Architectural Marvel

Hideaway House: Melbourne’s Subterranean Architectural Marvel


A subterranean bunker of epic proportions is the star of the show in this brutalist abode in Melbourne.

This project is an architectural coup of design ingenuity and integrity, pushing the envelope with surprising results. From the streetscape it’s a beautiful home, but step inside and that’s where the impressive journey really begins. More than 60 per cent of its internal floor area is cleverly concealed beneath the ground.

This project is an architectural coup of design ingenuity and integrity

Chris Stribley, managing principal at Cera Stribley, says at face value, Hideaway House appears as any other contemporary family home in Melbourne’s inner east, but once inside, an intimate, subterranean world is waiting to be discovered.

The original four-bedroom, two-storey home built in 2013 was perfect for when the homeowners had one child, but with a growing tribe, including Bob the Golden Retriever, they were packed to the rafters. So, when a neighbouring property came up for grabs, the homeowners jumped at the chance to expand their family home. The boundary between the two sites was disbanded to make room for a generous backyard, tennis court, and to extend the basement.

brutalist abode

The scope of work was substantial and at times, says Chris, it was quite challenging. “Though the alterations to the existing home were subtle in appearance, they were relatively complex in execution,” he recalls. On the ground floor, an undercover outdoor living and barbecue area was added, along with an outdoor bathroom and tennis court. The first-floor alterations included an extension to the master suite and to one of the children’s bedrooms.

The scope of work was substantial and at times

The basement morphed from a 179sqm to a whopping 706sqm underground space. The original basement contained a garage, gym and cinema room. Now it has a guest suite complete with ensuite and WIR, spare room, mud room, bar, wine cellar, lounge, golf room, indoor pool and powder room.

The basement morphed from a 179sqm to a whopping 706sqm underground spac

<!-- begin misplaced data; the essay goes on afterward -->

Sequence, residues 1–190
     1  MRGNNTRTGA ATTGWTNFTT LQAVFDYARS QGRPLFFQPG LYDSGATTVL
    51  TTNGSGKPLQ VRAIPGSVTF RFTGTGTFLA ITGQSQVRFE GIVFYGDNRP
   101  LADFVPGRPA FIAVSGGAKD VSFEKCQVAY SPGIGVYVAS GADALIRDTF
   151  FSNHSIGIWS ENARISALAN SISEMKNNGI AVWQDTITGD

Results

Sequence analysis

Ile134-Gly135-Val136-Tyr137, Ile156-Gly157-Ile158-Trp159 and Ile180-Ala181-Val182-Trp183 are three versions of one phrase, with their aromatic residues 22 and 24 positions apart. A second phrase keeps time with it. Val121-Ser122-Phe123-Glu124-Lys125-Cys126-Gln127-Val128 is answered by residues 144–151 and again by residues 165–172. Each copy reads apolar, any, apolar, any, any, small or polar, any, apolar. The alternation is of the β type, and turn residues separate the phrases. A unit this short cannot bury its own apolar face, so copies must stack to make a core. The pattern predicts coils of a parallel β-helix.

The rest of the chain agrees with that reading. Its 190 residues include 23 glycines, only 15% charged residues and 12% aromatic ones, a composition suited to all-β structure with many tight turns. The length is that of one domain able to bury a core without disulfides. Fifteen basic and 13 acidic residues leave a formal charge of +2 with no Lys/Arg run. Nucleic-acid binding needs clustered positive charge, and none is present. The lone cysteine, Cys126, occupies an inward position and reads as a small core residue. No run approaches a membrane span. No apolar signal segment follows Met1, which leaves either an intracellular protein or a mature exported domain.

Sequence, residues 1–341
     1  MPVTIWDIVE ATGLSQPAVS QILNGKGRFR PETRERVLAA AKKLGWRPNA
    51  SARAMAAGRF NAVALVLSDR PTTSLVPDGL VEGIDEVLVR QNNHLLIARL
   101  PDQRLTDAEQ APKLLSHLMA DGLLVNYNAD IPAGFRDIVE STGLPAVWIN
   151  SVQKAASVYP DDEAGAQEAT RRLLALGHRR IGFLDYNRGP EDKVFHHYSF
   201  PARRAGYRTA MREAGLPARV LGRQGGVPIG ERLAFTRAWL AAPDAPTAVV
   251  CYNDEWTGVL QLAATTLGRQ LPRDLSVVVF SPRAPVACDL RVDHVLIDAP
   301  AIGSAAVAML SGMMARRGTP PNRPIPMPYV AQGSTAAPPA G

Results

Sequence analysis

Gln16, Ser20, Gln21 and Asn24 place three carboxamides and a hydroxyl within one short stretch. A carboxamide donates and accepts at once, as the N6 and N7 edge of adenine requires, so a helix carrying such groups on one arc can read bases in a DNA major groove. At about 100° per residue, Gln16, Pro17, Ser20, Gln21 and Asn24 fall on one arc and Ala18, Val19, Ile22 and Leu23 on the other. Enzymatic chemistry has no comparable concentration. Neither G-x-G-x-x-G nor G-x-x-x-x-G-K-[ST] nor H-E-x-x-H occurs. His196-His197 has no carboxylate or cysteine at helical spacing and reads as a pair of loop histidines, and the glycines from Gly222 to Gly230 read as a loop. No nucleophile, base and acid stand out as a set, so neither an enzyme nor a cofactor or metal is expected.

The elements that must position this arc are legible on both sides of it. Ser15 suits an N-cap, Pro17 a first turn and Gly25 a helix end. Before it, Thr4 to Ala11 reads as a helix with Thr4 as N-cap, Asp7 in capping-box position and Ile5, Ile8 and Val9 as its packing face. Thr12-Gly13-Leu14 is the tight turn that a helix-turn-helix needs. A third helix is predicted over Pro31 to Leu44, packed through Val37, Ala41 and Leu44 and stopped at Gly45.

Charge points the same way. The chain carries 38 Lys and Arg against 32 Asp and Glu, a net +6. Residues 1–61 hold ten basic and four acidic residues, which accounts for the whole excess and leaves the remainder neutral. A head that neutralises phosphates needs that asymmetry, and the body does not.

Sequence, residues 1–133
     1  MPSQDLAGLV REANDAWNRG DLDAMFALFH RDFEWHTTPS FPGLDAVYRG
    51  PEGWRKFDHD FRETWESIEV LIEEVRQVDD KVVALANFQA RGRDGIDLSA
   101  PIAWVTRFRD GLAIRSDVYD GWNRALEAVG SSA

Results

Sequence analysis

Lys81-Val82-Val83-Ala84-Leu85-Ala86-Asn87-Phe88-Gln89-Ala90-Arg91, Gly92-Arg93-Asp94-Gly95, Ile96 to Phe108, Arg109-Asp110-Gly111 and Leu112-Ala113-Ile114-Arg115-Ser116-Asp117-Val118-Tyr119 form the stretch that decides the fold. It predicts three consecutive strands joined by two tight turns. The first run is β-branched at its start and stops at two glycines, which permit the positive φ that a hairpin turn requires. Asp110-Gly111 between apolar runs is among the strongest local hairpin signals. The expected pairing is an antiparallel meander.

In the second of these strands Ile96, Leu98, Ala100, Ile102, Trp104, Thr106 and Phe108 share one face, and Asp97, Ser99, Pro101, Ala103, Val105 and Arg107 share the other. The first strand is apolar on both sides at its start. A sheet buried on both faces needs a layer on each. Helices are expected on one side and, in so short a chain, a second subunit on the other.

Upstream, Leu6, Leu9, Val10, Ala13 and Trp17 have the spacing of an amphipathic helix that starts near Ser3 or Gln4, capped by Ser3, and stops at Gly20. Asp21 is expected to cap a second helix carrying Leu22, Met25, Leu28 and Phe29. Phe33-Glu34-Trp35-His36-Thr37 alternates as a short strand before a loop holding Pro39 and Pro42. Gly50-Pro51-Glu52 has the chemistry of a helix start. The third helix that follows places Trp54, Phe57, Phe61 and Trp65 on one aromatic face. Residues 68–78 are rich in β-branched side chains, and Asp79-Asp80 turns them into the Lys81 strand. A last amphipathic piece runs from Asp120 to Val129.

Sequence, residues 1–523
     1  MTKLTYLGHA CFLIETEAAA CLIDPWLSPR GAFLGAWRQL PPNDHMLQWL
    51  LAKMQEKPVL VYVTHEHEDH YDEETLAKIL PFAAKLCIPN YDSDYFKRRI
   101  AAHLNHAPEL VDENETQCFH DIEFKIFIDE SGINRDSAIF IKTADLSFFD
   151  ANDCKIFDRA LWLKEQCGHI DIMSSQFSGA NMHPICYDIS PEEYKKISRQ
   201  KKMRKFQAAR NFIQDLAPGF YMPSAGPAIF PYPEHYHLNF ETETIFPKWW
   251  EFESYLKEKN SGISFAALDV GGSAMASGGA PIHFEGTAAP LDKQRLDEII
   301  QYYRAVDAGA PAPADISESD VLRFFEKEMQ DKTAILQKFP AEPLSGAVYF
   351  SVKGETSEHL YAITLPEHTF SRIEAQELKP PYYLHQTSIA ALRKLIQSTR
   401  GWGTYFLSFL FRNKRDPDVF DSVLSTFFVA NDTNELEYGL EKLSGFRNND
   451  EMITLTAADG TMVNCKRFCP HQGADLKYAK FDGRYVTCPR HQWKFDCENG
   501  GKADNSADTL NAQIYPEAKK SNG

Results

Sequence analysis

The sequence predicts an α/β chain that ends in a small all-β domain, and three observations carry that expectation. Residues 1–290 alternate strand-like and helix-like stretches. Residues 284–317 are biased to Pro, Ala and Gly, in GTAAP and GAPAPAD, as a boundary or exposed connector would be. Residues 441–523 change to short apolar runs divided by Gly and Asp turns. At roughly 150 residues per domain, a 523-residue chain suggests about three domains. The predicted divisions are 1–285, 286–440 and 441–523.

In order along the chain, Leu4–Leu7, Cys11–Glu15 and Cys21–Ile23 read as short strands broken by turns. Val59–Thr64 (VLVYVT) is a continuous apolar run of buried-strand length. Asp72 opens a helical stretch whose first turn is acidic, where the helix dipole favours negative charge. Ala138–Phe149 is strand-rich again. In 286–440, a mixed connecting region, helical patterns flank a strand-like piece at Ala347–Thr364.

The subterranean space is stripped bare of unnecessary adornment, a brutalist structure that is bunker-like. Chris notes this was in part inspired by the brutalist facade of the existing home and the subterranean nature of the extension. “There was a conscious choice to celebrate architectural details,” he explains “and to put structural elements, such as the concrete pillars, on display.”

It’s a handsome zone, a play room for grown-ups; Chris refers to it as an adult lair. “In designing this space, we wanted it to feel intimate, sophisticated and moody — think Mad Men meets the Batcave,” he shares.

It’s a handsome zone

One of the challenges of the project was drawing natural light into the basement extension. Chris says to resolve that, they introduced a lightwell and planter box along the western boundary of the basement. “The touch of greenery, combined with the ever-changing shadows cast by the sun above, evokes a genuine sense of connection to nature within the subterranean space,” he comments.

But of course, adding the impressive basement space is only part of the story. The ground-floor areas were reoriented to improve family living and connectedness to outdoor zones. With the upper form, eaves were also added to shade rooms underneath.

It’s a handsome zon

The brief for this project also centred on creating opportunities for the family to connect. “Living spaces have all been curated to minimise screen time and enhance family living,” says Chris. “Thoughtful placement of custom, built-in joinery means there is not a TV in sight, while the reorientation of the ground floor opens up the main living areas to spill out over the tennis court and into the backyard.”

It’s a handsome zone

Project architect Steve Woo says, for him, the most exciting part is the waterfall light void next to the underground lap pool. “With the Batcave vibe, you would feel very private, very on your own and isolated from surroundings,” he says. “At the same time, you are not totally disconnected from nature as you can see the weather and time through the waterfall light void.”

This article originally appeared in Grand Designs #12.3